This act of remembering which He so desired recalls the surrender of Himself in death for the reconciliation of the human race with God – the giving of His body and blood. Each time His friends met to engage in this act of ‘table fellowship’, His paschal mystery i.e. his death and resurrection, would be foremost on their minds.

St. Paul understood this sacred ritual of the Eucharist in these words: ‘As often as you eat this bread and drink the cup, you proclaim the death of the Lord until he comes’ (1Cor.11:26).

The great Dominican saint Thomas Aquinas has written eloquently and movingly about the Blessed Sacrament and its meaning. An excellent example would be his well-known hymn O sacrum convivium where, in masterful fashion, he highlights the essential meaning of the Eucharist.

St. Thomas first describes it as a banquet at which the food is Christ himself. In this act of sacred sharing the memory of His passion is recalled, and the minds of those who partake at this table are filled with grace, while at the same time the pledge of future glory is given to us.

This is a wonderful summary of what we call in Mass ‘the mystery of faith.’ A felt moment of sadness on our present ecumenical journey arises from our inability to share in the Eucharist with our brothers and sisters of other Christian communities.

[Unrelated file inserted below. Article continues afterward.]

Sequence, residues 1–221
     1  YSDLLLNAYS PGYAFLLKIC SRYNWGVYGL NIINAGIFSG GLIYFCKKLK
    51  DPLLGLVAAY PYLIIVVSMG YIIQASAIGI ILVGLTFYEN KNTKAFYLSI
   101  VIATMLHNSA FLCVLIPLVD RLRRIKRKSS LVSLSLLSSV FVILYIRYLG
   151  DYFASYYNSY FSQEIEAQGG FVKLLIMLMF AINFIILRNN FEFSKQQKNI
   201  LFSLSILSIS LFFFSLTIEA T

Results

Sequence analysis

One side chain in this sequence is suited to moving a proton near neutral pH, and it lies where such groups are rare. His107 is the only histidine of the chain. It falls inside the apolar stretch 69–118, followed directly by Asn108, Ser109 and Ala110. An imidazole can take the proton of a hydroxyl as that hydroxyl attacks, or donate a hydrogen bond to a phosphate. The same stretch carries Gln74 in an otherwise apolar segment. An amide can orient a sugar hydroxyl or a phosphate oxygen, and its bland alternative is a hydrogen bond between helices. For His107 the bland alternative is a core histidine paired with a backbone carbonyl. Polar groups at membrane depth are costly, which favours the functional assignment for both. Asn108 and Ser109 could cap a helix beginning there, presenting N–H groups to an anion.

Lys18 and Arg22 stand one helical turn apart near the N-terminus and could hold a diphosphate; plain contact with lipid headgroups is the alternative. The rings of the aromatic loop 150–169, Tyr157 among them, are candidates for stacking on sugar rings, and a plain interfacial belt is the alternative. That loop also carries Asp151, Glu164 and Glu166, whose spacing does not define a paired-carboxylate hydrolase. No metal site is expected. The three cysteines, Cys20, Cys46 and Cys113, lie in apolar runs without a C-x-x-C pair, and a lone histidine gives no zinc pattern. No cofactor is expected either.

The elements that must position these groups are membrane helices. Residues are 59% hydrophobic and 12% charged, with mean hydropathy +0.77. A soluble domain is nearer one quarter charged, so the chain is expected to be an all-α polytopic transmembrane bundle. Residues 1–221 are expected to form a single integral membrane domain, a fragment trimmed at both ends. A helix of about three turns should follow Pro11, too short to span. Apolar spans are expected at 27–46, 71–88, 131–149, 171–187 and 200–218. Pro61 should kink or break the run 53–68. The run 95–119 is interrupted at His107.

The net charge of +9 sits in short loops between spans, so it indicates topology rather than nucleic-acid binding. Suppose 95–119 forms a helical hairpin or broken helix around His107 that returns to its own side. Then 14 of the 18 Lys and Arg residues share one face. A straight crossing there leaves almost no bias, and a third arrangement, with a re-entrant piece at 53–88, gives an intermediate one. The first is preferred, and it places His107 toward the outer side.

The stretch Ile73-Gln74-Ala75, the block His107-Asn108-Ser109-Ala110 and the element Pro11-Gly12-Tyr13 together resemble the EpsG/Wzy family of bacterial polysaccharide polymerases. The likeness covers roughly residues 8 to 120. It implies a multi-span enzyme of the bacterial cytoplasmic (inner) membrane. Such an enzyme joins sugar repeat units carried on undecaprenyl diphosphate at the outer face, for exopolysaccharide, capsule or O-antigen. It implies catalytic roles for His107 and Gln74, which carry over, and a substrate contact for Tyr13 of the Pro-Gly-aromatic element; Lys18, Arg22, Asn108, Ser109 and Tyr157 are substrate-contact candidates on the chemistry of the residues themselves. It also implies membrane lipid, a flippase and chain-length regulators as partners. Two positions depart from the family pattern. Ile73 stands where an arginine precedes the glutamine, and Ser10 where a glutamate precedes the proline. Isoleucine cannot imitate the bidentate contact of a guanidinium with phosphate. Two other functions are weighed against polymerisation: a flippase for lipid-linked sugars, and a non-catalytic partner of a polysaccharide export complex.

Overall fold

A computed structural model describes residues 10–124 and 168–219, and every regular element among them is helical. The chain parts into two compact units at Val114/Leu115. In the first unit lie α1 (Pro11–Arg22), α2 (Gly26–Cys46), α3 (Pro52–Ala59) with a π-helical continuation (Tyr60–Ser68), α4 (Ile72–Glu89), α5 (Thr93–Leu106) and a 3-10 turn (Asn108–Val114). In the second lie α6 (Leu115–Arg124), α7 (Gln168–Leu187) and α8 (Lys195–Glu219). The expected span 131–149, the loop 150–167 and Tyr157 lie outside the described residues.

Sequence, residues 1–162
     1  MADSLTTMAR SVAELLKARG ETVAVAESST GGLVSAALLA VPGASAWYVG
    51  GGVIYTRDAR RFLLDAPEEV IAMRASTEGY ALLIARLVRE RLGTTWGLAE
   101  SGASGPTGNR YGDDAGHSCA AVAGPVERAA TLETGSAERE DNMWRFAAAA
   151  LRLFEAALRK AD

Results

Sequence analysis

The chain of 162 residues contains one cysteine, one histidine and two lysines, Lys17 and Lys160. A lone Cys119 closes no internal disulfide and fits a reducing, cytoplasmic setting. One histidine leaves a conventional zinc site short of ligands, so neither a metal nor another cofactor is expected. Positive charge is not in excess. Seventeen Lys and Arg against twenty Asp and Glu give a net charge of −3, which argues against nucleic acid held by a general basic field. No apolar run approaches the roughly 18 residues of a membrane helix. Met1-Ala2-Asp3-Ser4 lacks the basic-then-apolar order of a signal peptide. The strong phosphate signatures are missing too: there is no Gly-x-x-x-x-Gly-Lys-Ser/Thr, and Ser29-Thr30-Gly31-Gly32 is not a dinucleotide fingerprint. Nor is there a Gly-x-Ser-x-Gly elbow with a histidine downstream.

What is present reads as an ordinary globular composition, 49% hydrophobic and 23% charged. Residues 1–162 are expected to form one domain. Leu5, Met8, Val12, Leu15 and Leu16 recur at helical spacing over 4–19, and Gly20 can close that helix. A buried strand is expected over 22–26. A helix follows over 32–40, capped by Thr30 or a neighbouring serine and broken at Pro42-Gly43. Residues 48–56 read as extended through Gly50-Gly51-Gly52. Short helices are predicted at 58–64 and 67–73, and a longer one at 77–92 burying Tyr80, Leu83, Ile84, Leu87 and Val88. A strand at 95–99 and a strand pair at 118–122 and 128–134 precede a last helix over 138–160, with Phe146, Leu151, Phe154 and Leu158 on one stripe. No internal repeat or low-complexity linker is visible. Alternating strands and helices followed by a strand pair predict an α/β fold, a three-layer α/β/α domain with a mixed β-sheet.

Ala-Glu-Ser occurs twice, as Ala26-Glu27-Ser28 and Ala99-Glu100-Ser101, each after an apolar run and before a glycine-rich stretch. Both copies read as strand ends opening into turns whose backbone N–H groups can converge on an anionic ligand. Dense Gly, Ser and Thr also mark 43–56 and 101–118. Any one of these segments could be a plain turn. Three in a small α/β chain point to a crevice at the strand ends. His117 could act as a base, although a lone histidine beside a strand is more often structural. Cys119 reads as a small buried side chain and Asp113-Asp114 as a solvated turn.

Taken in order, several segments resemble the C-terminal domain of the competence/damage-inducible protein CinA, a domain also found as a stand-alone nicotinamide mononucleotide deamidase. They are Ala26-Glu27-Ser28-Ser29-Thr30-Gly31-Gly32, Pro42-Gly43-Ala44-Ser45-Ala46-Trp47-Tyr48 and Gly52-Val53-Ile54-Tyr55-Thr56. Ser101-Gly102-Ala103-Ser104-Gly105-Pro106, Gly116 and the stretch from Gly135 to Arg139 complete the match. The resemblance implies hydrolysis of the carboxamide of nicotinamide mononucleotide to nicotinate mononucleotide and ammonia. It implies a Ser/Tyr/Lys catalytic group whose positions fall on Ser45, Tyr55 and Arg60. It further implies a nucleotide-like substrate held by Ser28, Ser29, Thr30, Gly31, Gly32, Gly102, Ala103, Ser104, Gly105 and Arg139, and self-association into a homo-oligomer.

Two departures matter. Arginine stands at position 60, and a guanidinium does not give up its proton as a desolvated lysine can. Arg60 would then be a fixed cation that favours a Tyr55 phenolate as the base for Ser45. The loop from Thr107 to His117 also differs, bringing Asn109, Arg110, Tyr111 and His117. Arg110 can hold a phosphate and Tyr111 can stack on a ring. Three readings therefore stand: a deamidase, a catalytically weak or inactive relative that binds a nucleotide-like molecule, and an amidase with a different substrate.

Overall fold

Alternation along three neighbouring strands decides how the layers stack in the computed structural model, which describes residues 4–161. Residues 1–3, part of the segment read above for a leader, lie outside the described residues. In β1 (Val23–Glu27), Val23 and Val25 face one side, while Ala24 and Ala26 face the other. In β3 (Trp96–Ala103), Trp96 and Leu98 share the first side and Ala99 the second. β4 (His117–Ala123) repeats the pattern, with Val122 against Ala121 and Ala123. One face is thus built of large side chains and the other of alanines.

Such sharing is the goal towards which we are aiming and praying and it will eventually come, but in the Lord’s own time. The historical legacy of division and misunderstandings surrounding the meaning and interpretation of this great sacrament remain as obstacles to a common Eucharistic table.


Yet we have travelled far on this particular road as witnessed, for example, by the united service last Sunday in Kirkby Stephen, Cumbria, to mark twenty-five years of Catholic use of the strikingly beautiful Anglican parish church for weekly Mass.


I joined Bishop James Newcome, Anglican Bishop of Carlisle, with members of both congregations and their clergy to give praise and thanks to God for such a happy and lasting initiative.


Full Eucharistic communion has not yet been realised, but we remain a people of Christian hope and waiting!  Let us pray this weekend of Corpus Christi that we be worthy guests at the Lord’s table, at which Holy Communion unites us with Him and all our Catholic brothers and sisters around the world.


Part of our prayer should be that we never forget the cost to Christ of making this sacrament possible for us, which was the surrender of Himself in sacrifice on the cross. The Eucharist is both meal and sacrifice at which we are privileged guests, as we make our pilgrim way in hope to the Kingdom and that final sharing at the supper of the Lamb.


Until next week – may God bless you all,

+Michael G Campbell OSA

Bishop of Lancaster